I chose not to focus on the traditional ownership marking of animals, nor on Jo or Russell (the new Farage) Brand, but instead on one of the marketers’ primary tools for separating us from our hard-earned (or ill-gotten) money.

If I recall a little of the history I learned from the television, brands were largely introduced at the end of the 19th and beginning of the 20th centuries.  The driver was the very serious adulteration of foodstuffs with highly inappropriate (and unexpected) alternatives to the purchased product.  The brand provided a guarantee – in the first instance – that flour, for example, was actually flour and not merely an admixture of vaguely flour-like powders.  On this basis, the relatively recent mystery-meat scandals – which are no longer news, but neither is the fact that they aren’t continuing – suggest that brands no longer provide quite the guarantee that once they did.  Still, as a (mostly) vegetarian I could view the horse (and other, perhaps more exotic) meat scandals with a degree of amused detachment.  However, while I have been gadding about this week a much more worrying food scandal has broken.  Apparently, not all goat’s cheese does what it says on the tin!  Luckily, there seems to be no suggestion that it is not actually cheese (sighs of relief all round) – merely as to the animal whose lactation provided the principal raw ingredient.  It would seem that there is a shortage of goat’s milk (something which seems to have been kept very quiet, presumably to prevent a middle-class revolt).  I’m not sure if this is down to a shortage of goats or just poor productivity from the available goats (or both) – nevertheless, if you have a small piece of land, now could be a good time to put some money into goats (probably safer than the banks and with a higher interest rate – assuming you find goats interesting, and why wouldn’t you?).  No, it seems that the milk of the humble sheep has found its way into many a supermarket’s goat’s cheese.  I would like to make clear that I am not blaming the sheep here (though there may be one or two baaaad apples) as I doubt they have the intellectual horsepower to organise a conspiracy of this size – no, I suspect some human agency is to blame.  Or it might by trolls: well, they do have a long-standing dispute with goat-kind – something about a t(r)oll bridge as I recall.

All of this sort of stuff should be prevented by the Food Standards Agency, but I suspect they may be understaffed.  Their website doesn’t give details – it isn’t even entirely sure how many members it has on its board (though they are willing to guess it lies between 8 and 12) – but it is recruiting one new member of staff: a Field Veterinary Coordinator.  The brief job description is comprised entirely of vague business-speak of a sort normally only seen in parodies – but I’m still fairly sure the successful applicant will not be on the front-line of ensuring my cheese is from the correct mammal.  Maybe I need to insist on tasting every cheese in the supermarket before I buy – better to be safe-than-sorry, you understand (and clearly this is not a flimsy ruse to sate my terrible cheese-addiction).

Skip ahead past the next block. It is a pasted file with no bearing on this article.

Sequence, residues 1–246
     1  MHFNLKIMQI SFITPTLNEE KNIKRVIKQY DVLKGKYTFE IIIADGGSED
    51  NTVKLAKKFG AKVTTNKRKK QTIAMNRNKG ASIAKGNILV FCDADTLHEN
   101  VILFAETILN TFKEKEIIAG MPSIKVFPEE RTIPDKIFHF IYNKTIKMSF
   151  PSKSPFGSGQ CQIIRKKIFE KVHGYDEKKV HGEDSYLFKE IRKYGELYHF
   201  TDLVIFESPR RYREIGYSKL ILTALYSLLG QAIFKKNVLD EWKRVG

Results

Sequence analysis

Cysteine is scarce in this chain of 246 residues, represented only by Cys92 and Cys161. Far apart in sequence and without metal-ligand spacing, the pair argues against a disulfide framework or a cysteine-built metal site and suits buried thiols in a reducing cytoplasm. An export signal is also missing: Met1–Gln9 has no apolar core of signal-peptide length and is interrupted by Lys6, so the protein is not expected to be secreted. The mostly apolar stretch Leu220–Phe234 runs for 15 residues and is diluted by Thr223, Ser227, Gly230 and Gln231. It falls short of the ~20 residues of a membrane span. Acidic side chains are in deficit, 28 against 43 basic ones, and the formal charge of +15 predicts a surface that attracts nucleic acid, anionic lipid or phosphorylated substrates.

Whilst on the topic of branding, it will come as no surprise to the regular reader that my supermarket of choice is Waitrose.  Whether this is because I am hopelessly middle-class (or over-paid) or because it has been (for the last 8 years) the closest large supermarket to my home, I will leave it for you to decide.  Over these years of use, I have notice a worrying and increasing tendency to support the “brand” with the aid of soi-disant celebrities.  This started with chefs – Delia and Heston – but now seems to have moved on to more general celebrity with Weekend Kitchen joining the ever swelling (tumescent?) line up of cookery shows that infest the weekend mornings on television (does anyone really watch TV in the morning to decide what to make for lunch?).  However, by far the most blatant celebrity on Waitress shelves is the heir to the throne, via his Duchy Originals brand.  It started with a few packets of over-priced biscuits, but now he seems to have his sticky fingers in almost every isle (or every isle containing organic foods).  He seemed to start with milk and then move on to eggs (and an obsession with hen’s tail colour – like the apocryphal Henry Ford, you can have any colour as long as it’s black) – however, this last week I discovered he has annexed mushrooms.  I’m starting to suspect that he’s not doing it all himself – and the kids don’t seem to be helping out down on the family farm.  Has he given up any hope of the throne and is going for commercial hegemony instead?  He comes from a long-lived family, so he can afford to be patient.  I fear that by the early 2020s, no product except those made by Duchy Originals will be available in this country – so we all better start saving now (or taking the Good Life route)!  I’m still trying to work-out how to keep a goat in a one bedroom flat without so much as a window sill (let alone a window box) for it to graze upon…


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